Within a few hours of getting it, I was able to find information online about a wheel that was practically a twin, and had a complete provenance back to the original owner. Because of that, I believe that The Beast originated in the 1860's in Denmark. Double-table wheels are typically associated with Norway, Sweden, and Finland, though I found a reference (in a Ravelry discussion) to a Finnish text which traced the double-table design to Finland via Denmark in the early 1800's.
So I got the wheel home and reassembled, and sat down to try it out. I had made the mistake of picking out a name for it before I had it spinning, some dainty Danish girl's name, but it was clear I needed more get-to-know-you time. This wheel was all grabby-hands, a "feed me the fiber, you clumsy oaf" sort of machine. I made adjustments until the drive band was so slack I thought it would fall off, and finally I was able to keep up. Henceforth it was known as The Beast.
One of my new lessons in conquering this wheel: using a design feature that I failed to appreciate until after several tense spinning sessions. The frame of the wheel incorporates horizontal pieces that are threaded into the wheel uprights so they can tweak the wheel into alignment if it isn't quite trued up. With all my previous wheels, this was done by shimming the vertical uprights holding the drive wheel, which is prone to slipping out of place during use, throwing off the drive band and bringing all the spinning to a screeching halt. Here, I was able to make the wheel exactly true, and it stayed there.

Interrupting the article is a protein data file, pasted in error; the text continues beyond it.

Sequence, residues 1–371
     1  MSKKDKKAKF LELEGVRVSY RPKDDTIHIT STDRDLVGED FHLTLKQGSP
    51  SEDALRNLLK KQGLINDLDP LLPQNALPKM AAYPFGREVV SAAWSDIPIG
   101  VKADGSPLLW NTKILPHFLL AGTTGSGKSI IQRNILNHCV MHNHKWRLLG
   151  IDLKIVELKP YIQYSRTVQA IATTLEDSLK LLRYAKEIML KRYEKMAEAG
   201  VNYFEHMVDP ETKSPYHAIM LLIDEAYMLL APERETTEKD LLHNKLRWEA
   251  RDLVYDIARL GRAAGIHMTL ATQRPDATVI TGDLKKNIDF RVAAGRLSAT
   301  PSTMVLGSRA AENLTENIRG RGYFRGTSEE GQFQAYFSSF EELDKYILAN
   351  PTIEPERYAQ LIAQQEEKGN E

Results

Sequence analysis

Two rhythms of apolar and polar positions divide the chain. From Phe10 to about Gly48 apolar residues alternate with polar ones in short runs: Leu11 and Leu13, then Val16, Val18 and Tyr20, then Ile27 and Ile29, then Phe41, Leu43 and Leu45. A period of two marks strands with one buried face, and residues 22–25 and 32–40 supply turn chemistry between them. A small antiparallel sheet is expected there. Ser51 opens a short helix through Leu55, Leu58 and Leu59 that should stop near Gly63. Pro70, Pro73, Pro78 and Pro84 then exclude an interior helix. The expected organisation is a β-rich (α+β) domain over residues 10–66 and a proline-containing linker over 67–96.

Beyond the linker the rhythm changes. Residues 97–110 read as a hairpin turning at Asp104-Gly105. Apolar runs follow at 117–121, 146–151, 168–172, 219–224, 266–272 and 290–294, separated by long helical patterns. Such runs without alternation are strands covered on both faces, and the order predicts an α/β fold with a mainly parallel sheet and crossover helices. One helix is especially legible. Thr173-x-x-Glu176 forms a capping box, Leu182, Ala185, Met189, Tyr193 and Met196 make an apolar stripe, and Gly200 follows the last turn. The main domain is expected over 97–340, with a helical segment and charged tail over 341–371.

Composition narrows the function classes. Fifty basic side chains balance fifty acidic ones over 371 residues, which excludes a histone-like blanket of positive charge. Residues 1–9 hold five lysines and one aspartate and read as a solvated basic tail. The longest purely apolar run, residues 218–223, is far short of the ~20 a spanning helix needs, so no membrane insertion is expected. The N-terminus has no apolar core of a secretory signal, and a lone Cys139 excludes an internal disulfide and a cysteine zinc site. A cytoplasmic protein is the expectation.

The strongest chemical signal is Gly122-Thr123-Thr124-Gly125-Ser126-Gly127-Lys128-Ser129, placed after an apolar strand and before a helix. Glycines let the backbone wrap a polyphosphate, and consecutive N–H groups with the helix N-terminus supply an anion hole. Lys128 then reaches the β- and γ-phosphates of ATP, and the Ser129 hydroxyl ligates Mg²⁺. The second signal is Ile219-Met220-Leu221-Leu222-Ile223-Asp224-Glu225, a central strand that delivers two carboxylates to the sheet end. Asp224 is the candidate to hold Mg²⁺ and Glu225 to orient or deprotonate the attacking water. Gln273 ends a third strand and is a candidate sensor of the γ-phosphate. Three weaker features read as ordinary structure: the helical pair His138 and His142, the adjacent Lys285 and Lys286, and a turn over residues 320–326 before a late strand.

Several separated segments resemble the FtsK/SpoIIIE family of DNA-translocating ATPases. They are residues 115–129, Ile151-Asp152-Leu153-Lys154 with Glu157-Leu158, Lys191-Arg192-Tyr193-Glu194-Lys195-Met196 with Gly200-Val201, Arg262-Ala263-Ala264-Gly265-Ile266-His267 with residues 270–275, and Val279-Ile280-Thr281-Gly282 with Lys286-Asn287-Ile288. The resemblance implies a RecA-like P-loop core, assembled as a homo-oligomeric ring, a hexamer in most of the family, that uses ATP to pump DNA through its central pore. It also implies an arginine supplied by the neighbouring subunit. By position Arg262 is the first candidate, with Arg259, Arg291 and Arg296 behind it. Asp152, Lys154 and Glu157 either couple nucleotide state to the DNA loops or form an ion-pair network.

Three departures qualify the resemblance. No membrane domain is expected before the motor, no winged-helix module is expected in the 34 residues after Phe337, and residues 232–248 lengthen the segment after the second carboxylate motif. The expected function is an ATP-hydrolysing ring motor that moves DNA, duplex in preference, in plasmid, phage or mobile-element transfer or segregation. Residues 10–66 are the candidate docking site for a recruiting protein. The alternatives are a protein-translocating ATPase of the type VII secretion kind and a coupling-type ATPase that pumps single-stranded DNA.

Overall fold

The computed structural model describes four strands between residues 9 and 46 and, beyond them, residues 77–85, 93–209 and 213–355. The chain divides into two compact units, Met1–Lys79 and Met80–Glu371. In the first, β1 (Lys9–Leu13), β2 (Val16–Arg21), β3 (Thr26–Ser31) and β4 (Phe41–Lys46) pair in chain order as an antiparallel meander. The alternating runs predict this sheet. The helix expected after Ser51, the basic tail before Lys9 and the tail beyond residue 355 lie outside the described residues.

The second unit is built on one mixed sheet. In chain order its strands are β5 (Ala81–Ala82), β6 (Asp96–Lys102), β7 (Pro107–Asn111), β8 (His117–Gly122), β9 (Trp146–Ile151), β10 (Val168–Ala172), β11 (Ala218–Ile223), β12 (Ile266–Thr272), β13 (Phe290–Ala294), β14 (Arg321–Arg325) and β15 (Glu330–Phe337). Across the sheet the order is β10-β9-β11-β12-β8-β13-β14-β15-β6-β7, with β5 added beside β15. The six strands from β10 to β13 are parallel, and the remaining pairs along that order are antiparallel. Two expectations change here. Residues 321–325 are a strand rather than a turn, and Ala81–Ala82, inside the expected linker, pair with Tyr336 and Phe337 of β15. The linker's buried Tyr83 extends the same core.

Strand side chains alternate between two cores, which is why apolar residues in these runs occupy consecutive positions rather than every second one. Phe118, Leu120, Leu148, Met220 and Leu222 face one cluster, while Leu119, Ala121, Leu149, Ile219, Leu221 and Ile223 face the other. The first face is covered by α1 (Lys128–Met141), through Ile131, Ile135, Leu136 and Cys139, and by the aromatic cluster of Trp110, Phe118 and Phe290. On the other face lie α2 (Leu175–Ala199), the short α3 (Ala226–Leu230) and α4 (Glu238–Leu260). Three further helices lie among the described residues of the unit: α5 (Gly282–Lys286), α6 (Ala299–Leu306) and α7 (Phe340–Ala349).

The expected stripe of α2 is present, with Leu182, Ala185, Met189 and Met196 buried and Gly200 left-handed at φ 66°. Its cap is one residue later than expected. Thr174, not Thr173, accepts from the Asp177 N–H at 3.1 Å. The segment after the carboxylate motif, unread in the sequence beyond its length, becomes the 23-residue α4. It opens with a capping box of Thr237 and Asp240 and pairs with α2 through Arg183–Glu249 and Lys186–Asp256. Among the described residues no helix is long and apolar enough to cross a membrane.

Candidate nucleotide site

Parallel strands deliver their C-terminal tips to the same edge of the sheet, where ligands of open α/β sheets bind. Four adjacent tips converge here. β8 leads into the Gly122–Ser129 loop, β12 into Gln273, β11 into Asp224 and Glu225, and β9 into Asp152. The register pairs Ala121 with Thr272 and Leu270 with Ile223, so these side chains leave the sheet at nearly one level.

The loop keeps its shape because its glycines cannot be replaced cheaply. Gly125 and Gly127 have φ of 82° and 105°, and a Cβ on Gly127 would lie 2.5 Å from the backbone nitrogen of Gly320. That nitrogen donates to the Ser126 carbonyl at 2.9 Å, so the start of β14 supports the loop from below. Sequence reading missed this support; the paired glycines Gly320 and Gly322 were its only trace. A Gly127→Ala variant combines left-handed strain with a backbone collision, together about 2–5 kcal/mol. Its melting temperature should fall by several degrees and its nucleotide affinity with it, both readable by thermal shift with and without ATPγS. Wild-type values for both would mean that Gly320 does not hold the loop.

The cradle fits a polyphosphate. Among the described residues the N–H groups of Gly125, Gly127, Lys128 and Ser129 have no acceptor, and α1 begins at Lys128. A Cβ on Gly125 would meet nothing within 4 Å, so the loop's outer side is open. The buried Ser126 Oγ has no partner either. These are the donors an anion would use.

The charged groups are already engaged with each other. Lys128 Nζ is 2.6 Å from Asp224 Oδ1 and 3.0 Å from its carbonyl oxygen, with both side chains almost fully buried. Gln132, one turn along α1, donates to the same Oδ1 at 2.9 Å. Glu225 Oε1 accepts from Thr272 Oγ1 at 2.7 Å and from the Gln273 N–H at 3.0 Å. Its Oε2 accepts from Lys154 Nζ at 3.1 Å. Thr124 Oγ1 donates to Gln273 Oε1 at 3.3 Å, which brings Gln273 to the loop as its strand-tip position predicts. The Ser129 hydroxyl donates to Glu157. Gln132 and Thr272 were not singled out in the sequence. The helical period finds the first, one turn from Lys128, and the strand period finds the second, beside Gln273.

Many wheels have a built-in distaff - a sticky-up thing for holding a bundle of fiber at the ready for the spinner to draft out. Antique wheels found in the wild are often missing some or all of theirs, but The Beast came with its distaff intact. A few weeks ago I overheard my four-year-old son explaining to his brother, "This spinning wheel has a big horn; that's why she calls it The Beast."